The Library of the Dead, one of 2021’s new YA urban fantasy obsessions. Set in a near-future Edinburgh and inspired by Zimbabwean magic, it is slightly reminiscent of Ben Aaronovitch’s Rivers of London series (who also provided a cover blurb) in its very broad strokes. It features mystery, an occult library and magic, all ingredients for a good story!
Many thanks to Jamie-Lee Nardone, Stephen Haskins and UK Tor for the ARC. All opinions are my own.
STAR RATING: 4/5 ✶
PUBLICATION DATE: 04/02/21
SUMMARY: Ropa dropped out of school to become a ghostalker – and she now speaks to Edinburgh’s dead, carrying messages to the living. A girl’s gotta earn a living, and it seems harmless enough. Until, that is, the dead whisper that someone’s bewitching children – leaving them husks, empty of joy and life. It’s on Ropa’s patch, so she feels honour bound to investigate. But what she learns will change her world.
She’ll dice with death (not part of her life plan . . .) as she calls on Zimbabwean magic and Scottish pragmatism to hunt down clues. For Edinburgh hides a wealth of secrets. And in the process, she discovers an occult library and some unexpected allies. Yet as shadows lengthen, will the hunter become the hunted? (from UK Tor)
OPINIONS: Now, the most important thing to note about The Library of the Dead is that it’s more on the YA side of things than the blurb lets on. Ropa is fourteen, something that I had to keep reminding myself throughout the course of the story, as her character felt older to me – if I hadn’t had the age on the page I would have placed her in her late teens to early twenties. But she is a wonderful main character. Jaded, fearless and immortal as only teenagers are. She is also smart, pragmatic and creative. I thoroughly enjoyed reading the story from her perspective.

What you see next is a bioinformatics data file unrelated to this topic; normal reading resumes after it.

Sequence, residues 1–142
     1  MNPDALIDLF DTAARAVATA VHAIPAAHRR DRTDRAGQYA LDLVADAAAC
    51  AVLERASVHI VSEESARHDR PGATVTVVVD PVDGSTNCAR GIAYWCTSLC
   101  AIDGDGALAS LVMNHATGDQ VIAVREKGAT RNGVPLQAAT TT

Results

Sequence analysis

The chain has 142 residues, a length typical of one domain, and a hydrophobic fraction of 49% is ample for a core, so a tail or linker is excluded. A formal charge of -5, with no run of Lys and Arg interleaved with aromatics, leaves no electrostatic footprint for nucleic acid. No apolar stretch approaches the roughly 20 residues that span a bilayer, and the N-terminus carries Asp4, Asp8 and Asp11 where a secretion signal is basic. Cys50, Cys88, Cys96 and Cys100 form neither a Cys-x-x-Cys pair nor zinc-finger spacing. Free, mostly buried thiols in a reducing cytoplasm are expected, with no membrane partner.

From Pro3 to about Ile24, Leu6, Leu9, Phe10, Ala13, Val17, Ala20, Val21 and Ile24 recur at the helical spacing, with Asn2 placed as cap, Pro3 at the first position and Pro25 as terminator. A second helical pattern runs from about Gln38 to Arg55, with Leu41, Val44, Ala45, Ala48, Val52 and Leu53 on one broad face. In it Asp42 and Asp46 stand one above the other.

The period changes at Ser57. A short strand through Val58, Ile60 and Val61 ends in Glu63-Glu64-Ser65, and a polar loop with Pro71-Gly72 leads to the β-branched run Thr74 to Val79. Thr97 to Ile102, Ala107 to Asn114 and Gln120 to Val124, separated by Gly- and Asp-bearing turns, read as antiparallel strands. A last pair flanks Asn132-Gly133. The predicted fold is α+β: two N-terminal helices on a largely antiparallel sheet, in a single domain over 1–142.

The Library of the Dead is full of interesting characters – aside from Ropa, I loved Priya, a wheel-chair bound young woman whom she meets in the eponymous library, Rob, the leader of a band of criminals, or Wilson, henchman supreme. There are layers to all of them, and the brand of urban fantasy found in The Library of the Dead is a far cry from the bland fare often associated with the genre. This series is a breath of fresh air combining Zimbabwean magic (a culture which I don’t think I’ve seen represented before) with a Scottish setting and a wonderful library.
I am looking forward to reading more of this series, and finding out how Ropa’s story continues after the mystery of The Library of the Dead is solved. My favourite part of this volume was the setting, so I am intrigued to find out more about the library and the knowledge contained therein, although Ropa, her grandmother, and their brand of ghost talking are just as interesting for future stories.